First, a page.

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Acta Biol Hung. 2004;55(1-4):129-35.

The locust frontal ganglion: a multi-tasked central pattern generator.

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Department of Zoology, Tel-Aviv University, Tel Aviv, 69978, Israel.


The locust frontal ganglion (FG) constitutes a major source of innervation to the foregut dilator muscles and thus plays a key role in control of foregut movements. This paper reviews our recent studies on the generation and characteristics of FG motor outputs in two distinct and fundamental locust behaviors: feeding and molting. In an in vitro preparation, isolated from all descending and sensory inputs, the FG was spontaneously active and generated rhythmic multi-unit bursts of action potentials, which could be recorded from all efferent nerves. Thus the FG motor pattern is generated by a central pattern generator within the ganglion. Intracellular recordings suggest that only a small fraction (10-20%) of the FG 100 neurons demonstrate rhythmic activity. The FG motor output in vivo was relatively complex, and strongly dependent on the locust's physiological and behavioral state. Rhythmic activity of the foregut was found to depend on the amount of food present in the crop; animals with full crop demonstrated higher FG burst frequency than those with empty crop. At the molt, the FG generates a distinct motor pattern that could be related to air-swallowing behavior.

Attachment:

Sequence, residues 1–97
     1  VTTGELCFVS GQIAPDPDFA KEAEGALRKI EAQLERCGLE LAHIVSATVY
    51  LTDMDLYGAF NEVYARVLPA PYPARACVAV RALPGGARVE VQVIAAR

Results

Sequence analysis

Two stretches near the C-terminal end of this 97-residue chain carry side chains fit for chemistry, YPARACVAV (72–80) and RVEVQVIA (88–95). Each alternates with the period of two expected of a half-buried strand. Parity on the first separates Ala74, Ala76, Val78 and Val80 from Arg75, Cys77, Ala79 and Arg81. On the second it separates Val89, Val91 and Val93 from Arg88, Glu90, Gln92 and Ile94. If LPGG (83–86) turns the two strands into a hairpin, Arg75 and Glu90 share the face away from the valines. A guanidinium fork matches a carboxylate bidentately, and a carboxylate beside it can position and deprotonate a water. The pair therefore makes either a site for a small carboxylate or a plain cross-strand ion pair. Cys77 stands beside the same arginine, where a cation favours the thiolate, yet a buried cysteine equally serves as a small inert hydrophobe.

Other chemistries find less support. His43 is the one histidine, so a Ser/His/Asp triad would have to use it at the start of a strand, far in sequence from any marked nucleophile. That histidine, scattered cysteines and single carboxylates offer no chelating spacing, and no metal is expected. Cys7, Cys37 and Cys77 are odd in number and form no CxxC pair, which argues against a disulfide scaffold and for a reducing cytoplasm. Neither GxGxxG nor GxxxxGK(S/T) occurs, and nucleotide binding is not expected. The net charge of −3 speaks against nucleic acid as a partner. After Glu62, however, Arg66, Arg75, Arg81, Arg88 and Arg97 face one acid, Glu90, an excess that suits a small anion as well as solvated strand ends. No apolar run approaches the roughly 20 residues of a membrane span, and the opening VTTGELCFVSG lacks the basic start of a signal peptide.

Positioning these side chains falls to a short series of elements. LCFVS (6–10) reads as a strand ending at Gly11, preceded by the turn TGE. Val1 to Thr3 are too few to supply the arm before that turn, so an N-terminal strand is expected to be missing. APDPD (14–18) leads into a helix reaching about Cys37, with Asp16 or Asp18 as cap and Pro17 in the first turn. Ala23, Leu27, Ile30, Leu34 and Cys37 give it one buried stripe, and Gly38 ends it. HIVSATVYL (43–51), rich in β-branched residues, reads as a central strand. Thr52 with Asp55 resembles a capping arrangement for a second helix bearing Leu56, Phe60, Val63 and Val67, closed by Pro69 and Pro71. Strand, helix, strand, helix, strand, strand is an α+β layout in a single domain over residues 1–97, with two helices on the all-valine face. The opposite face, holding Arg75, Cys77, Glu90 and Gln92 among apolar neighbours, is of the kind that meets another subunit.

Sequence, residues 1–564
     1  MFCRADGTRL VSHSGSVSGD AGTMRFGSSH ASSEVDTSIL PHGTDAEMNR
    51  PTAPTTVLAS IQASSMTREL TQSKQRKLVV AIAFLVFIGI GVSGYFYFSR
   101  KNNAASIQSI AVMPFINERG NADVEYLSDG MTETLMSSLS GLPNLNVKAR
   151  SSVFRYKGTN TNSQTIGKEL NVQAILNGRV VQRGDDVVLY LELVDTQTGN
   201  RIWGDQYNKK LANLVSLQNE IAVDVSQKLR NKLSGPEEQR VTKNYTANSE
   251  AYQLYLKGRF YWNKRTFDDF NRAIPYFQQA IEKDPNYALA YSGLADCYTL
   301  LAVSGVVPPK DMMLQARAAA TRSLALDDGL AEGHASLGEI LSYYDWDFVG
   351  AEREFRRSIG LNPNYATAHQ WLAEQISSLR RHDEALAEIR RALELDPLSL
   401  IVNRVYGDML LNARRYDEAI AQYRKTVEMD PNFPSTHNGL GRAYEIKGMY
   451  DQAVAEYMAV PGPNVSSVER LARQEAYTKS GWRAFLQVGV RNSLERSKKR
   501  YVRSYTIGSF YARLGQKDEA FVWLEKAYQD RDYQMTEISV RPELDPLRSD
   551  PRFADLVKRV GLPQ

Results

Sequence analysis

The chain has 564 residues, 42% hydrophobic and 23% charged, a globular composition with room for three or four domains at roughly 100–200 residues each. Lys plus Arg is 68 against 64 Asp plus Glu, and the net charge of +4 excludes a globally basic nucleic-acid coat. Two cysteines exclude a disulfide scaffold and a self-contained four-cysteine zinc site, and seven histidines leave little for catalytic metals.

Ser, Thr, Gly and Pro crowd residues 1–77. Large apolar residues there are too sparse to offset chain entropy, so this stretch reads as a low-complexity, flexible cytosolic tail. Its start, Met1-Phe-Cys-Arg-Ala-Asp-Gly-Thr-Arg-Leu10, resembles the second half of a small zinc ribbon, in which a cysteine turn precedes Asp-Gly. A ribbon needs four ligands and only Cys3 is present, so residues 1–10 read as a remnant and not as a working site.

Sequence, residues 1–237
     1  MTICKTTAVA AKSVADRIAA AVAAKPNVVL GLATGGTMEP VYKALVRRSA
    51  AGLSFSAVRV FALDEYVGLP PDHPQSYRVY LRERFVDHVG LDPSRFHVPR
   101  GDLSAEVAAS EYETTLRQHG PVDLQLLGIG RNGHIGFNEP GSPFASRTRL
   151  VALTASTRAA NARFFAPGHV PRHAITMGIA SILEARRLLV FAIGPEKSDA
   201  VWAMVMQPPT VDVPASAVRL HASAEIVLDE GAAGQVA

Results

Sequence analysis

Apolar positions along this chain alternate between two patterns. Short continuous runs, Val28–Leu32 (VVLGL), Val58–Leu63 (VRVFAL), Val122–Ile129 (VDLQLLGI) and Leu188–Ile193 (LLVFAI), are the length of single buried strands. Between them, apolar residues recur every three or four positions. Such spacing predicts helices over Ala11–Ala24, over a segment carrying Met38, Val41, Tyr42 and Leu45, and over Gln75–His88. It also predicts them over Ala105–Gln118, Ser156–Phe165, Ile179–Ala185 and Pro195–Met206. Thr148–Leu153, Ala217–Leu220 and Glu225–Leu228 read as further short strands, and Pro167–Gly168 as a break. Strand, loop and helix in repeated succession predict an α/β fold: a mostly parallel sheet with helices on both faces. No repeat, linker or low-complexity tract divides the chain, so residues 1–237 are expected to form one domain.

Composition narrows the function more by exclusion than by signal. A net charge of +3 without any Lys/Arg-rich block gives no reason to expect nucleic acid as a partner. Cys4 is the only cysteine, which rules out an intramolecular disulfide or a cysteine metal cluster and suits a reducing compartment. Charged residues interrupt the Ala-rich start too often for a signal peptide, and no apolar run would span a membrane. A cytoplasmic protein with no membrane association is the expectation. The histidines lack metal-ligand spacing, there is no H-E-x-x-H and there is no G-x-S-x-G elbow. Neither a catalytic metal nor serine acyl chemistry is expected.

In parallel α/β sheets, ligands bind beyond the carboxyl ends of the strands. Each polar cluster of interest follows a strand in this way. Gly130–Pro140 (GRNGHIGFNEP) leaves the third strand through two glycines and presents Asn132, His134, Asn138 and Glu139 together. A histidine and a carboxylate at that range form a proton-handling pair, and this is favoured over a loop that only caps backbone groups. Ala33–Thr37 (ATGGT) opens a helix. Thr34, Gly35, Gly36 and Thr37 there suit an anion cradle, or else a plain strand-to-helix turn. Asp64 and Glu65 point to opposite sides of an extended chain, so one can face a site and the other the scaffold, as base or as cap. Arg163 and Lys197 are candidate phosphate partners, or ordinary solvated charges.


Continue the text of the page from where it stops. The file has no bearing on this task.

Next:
[Indexed for MEDLINE]

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